That was in Illinois, and in later years, the Associated Press would contract me for the night to call In the local totals. to add to the national results. You know – those TV totals you would see on screen.

I was at the Marion County Courthouse in Salem, home of William Jennings Bryan and creator of a Miracle Whip, the night Carol Moseley Braun defeated Alan Dixon, aka “Al the Pal,” for the US Senate seat in 1992. Dixon had been a Senator for 12 years after serving as Secretary of State and Treasurer in Illinois, and 20 years in state legislature. (In my hometown of Belleville, he was a legend. Took care of his people. Knew everyone.) She was the first African-American woman in the history of the Senate.

About a decade ago, digital computers and 24/7 news changed things. With electronic results, you could look up a county online. They did not need us to be foot soldiers on the ground. We all moved on in the digital world. There is nothing like racing back to the office and Typing up the results to make print deadline, running on adrenaline, caffeine and snacks from the vending machine.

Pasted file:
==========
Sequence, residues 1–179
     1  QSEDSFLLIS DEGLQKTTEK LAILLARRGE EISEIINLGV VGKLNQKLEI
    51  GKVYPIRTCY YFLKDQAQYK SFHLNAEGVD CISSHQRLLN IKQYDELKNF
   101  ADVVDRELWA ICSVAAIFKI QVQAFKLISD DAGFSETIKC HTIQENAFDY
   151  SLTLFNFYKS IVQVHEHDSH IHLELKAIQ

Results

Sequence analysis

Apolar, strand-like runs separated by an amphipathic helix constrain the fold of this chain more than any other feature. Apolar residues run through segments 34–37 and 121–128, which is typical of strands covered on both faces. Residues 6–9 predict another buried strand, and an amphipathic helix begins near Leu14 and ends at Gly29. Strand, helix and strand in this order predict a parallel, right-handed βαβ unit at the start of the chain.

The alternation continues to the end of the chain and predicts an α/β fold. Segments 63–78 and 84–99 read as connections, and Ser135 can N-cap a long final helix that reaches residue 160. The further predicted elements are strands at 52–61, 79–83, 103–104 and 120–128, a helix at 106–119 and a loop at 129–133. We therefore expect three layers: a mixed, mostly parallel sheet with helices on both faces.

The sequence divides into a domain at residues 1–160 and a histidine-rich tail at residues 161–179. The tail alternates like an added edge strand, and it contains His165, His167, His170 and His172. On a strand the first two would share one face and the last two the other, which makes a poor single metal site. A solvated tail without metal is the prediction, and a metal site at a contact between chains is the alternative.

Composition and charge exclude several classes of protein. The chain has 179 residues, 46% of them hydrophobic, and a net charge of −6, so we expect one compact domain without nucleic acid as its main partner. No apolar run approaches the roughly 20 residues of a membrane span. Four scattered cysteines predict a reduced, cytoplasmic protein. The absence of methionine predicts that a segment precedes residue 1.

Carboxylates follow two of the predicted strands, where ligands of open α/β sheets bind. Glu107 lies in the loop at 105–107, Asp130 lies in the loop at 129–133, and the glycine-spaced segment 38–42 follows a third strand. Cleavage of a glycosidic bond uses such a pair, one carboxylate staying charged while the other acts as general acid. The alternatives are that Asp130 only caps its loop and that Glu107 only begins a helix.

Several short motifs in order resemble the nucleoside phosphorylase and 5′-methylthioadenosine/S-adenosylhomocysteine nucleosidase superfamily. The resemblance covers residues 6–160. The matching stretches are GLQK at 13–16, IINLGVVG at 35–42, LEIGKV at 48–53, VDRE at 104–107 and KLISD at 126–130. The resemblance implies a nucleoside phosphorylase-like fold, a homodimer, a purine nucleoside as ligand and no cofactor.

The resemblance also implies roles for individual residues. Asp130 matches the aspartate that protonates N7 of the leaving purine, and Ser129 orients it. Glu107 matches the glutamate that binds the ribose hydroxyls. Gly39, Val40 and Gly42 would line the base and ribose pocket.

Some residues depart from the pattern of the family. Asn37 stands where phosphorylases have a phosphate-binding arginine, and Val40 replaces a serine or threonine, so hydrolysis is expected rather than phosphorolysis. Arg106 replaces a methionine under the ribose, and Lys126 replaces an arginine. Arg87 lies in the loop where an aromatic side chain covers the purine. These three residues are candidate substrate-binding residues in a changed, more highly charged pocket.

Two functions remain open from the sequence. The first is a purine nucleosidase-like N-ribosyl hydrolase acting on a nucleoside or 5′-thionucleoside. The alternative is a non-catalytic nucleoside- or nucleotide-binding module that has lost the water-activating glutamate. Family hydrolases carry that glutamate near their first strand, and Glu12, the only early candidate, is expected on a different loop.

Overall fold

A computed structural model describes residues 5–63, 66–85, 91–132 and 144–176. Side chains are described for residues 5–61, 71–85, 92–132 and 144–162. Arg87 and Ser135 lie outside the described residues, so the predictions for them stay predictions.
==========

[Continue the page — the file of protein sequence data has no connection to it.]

Republican presidential candidate Texas Gov. George W. Bush, left, and Democratic presidential candidate Vice President Al Gore gesture during their third and final debate at Washington University Tuesday, Oct. 17, 2000, in St. Louis. (AP Photo/Ron Edmonds)

However, I was already home when, in the wee hours of the morning, CBS declared Gore won and then retracted it. Chaos. Supreme Court decided that W won in 2000, despite Gore winning popular vote.